Methods (San Diego, Calif.)

Genome editing using CRISPR/Cas9-based knock-in approaches in zebrafish.

PMID 28300641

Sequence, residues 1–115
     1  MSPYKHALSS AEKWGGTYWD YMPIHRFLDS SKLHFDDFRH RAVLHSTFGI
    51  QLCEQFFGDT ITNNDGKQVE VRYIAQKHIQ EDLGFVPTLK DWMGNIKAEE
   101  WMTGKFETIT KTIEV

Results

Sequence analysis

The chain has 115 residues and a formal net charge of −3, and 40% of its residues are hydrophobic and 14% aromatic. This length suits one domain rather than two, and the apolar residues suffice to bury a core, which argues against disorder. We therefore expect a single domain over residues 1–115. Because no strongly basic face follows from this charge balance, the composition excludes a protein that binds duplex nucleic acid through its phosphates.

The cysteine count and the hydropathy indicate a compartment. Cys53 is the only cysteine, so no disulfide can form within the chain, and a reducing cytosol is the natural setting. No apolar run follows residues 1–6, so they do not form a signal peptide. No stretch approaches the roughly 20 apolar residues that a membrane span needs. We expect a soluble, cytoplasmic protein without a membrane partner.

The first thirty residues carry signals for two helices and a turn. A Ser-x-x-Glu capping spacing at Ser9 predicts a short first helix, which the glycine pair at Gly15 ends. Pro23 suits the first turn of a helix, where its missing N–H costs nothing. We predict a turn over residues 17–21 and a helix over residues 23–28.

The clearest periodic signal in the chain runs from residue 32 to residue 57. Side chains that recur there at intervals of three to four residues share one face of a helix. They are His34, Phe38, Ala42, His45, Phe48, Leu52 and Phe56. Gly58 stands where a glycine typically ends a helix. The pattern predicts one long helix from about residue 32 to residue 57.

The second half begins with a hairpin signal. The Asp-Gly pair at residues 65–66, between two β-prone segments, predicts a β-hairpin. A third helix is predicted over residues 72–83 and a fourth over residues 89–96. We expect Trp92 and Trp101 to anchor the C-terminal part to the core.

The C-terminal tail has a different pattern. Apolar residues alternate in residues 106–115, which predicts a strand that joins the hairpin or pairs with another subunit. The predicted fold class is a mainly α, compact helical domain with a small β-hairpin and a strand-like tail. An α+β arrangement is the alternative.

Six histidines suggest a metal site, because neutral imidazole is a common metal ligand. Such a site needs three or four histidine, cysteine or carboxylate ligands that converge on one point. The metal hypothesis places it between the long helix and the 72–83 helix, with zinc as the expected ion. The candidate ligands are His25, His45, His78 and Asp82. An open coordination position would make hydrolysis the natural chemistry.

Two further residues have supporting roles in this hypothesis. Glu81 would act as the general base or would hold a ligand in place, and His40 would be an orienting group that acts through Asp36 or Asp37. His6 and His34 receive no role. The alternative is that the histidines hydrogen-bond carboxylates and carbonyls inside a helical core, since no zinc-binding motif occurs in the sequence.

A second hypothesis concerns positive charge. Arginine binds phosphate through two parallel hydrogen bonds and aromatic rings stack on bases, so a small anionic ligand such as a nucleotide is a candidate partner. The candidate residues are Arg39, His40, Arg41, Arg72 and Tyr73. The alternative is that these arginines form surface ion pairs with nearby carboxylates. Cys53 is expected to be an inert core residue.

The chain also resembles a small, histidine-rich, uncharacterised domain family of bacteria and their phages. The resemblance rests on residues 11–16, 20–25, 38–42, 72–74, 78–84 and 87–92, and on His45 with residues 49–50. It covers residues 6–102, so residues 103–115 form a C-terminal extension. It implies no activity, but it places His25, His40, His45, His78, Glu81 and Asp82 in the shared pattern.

With its variety of applications, the CRISPR/Cas9 genome editing technology has been rapidly evolving in the last few years. In the zebrafish community, knock-out reports are constantly increasing but insertion studies have been so far more challenging. With this review, we aim at giving an overview of the homologous directed repair (HDR)-based knock-in generation in zebrafish. We address the critical points and limitations of the procedure such as cutting efficiency of the chosen single guide RNA, use of cas9 mRNA or Cas9 protein, homology arm size etc. but also ways to circumvent encountered issues with HDR insertions by the development of non-homologous dependent strategies. While imprecise, these homology-independent mechanisms based on non-homologous-end-joining (NHEJ) repair have been employed in zebrafish to generate reporter lines or to accurately edit an open reading frame by the use of intron-targeting modifications. Therefore, with higher efficiency and insertion rate, NHEJ-based knock-in seems to be a promising approach to target endogenous loci and to circumvent the limitations of HDR whenever it is possible and appropriate. In this perspective, we propose new strategies to generate cDNA edited or tagged insertions, which once established will constitute a new and versatile toolbox for CRISPR/Cas9-based knock-ins in zebrafish.